Naval battle at Toulon

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Naval battle at Toulon
Representation after Fernando Selma around 1796
Representation after Fernando Selma around 1796
date February 22, 1744
place Mediterranean at Cap Sicié
output draw
Parties to the conflict

Great BritainKingdom of Great Britain (Sea War Flag) Great Britain

FranceKingdom of France (naval flag) France Spain
SpainSpain (national flag) 


Great BritainKingdom of Great Britain (Sea War Flag) Thomas Mathews Richard Lestock William Rowley
Great BritainKingdom of Great Britain (Sea War Flag)
Great BritainKingdom of Great Britain (Sea War Flag)

FranceKingdom of France (naval flag) Claude la Bruyere Juan José Navarro
SpainSpain (national flag)

Troop strength
30 ships of the line,
13 frigates,
5 fires
27 warships,
including 8 frigates

142 dead,
around 500 wounded,
10 ships partially badly damaged,
one ship sunk

149 dead,
around 500 wounded,
5 ships partly badly damaged,
one ship sunk

Figures on strength ratios and losses differ in the literature
Thomas Mathews
The British fire engine Anne Galley was sunk before it reached the enemy

The sea ​​battle at Toulon (sometimes also sea ​​battle at Cap Sicié ) on February 22, 1744 took place as part of the Austrian War of Succession . The allied fleets of France and Spain faced each other on the one hand and the British Mediterranean fleet on the other. Great Britain and France were not yet officially at war with each other, but supported their respective allies. The allied Spanish and French left the port of Toulon . They met the British fleet and there was a battle in which only a part of the ships was involved. Afterwards, both sides did not credibly claim victory for themselves. In Britain in particular, commanders have been accused of failure. There was a spectacular court martial in which, among other things, Admiral Thomas Mathews was found guilty and lost his post.


Louis XV agreed with Spain in October 1743 to take part in the war against Great Britain and the Kingdom of Sardinia in the Mediterranean. In return, France expressly supported the Spanish hereditary claims to the Habsburg possessions in Italy. Even Gibraltar and Mahon should fall a victory to Spain. The open declaration of war was still not made. In the second half of 1743, the Spanish under Admiral Juan José Navarro tried to land in Genoa . The English fleet prevented this advance and forced the Spanish fleet to retreat to Toulon. Because of the overwhelming power of the British at sea, the fleet had to spend the next few months there.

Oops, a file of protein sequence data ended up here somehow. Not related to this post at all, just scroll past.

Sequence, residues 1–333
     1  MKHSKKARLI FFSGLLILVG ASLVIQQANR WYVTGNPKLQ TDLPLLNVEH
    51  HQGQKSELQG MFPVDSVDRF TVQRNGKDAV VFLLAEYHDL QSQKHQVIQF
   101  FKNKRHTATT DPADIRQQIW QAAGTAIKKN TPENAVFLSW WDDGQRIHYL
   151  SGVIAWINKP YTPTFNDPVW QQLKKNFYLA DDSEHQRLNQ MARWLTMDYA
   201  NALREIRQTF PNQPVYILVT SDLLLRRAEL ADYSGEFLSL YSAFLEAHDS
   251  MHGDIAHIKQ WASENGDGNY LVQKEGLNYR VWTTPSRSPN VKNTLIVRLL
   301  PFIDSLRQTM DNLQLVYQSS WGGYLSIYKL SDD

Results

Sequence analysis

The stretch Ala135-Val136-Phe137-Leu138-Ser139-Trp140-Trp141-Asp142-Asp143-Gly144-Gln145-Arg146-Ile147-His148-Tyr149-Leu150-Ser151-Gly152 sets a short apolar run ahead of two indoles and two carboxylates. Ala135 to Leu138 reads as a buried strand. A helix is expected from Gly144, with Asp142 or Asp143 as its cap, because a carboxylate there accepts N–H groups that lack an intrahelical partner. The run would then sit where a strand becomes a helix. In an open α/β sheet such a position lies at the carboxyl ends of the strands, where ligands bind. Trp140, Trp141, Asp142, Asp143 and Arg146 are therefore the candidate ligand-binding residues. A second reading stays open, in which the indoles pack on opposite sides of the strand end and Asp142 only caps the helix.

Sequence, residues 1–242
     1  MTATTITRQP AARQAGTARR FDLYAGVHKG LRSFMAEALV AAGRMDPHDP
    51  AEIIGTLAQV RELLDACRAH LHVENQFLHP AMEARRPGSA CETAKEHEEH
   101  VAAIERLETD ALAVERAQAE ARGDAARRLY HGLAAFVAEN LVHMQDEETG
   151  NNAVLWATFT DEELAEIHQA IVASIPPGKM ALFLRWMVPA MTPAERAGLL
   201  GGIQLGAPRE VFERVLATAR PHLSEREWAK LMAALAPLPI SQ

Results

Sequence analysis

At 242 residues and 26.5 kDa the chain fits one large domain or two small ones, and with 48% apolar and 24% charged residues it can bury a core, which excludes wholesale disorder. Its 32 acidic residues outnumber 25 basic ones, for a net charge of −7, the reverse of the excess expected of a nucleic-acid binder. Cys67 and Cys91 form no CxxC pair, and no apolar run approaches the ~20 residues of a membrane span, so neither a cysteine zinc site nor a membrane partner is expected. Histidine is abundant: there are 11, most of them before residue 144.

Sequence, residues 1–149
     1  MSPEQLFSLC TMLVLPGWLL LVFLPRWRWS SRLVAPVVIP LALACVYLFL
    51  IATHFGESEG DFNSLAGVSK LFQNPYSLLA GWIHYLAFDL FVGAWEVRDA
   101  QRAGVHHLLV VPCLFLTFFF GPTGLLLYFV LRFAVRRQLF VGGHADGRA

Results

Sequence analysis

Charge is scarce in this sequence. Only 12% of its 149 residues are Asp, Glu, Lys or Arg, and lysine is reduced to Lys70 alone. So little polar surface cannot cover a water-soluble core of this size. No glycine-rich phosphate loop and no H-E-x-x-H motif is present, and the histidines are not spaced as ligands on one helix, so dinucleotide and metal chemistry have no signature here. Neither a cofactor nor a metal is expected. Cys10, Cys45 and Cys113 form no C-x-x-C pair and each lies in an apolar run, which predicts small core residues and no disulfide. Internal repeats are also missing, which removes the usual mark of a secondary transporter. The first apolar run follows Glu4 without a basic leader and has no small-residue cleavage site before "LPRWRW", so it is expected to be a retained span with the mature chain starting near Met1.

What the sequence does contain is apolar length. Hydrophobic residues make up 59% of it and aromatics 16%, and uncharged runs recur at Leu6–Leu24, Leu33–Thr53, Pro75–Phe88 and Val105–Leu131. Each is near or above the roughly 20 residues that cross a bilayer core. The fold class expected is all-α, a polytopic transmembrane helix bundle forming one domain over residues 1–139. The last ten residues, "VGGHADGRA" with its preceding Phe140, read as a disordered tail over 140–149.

The English admiral Thomas Mathews saw it as his main task to prevent the Spaniards from leaving Toulon. He put pressure on the French authorities. He also exerted pressure against the Spain-friendly Genoa and hindered trade. Both Genoa and France initially allowed this to happen because they lacked the means of power. Mathews even asked Genoa to transfer the port of Finale.

The Spanish government turned to Louis XV. and asked for help. The king ordered Admiral Claude-Elisee de Court la Bruyere , who was then almost 80 years old, to escort the Spanish either to Genoa or back to Spain with the French Mediterranean fleet . Only if the French fleet was to be attacked was it allowed to defend itself. The Spanish fleet could not fully participate in the departure because the necessary crew for four frigates was missing. The entire joint fleet consisted of 27 warships. Among them were 8 frigates. The fleet had 1970 guns.

Mathews had learned of the impending outbreak. He pulled together the majority of the English ships at the Îles d'Hyères . He had 30 ships of the line , 13 frigates and 5 fires . Another two ships watched the port of Toulon. The English fleet had 2,434 guns.


Overview of the battle

The combined Spanish-French fleet ran out on February 20, 1744, and the ships of the line took a battle line. This was divided into an advance guard, the middle and a rear guard. The British fleet had been chasing enemy ships since February 21. The French admiral, in turn, ordered the attack. However, there was no battle that day due to the lack of wind. The next day the wind was more favorable. Mathews had organized his fleet like the enemy. The vanguard was under the command of Rear Admiral Rowley. The center was under the command of Mathews himself. The rearguard was under the command of Vice Admiral Richard Lestock.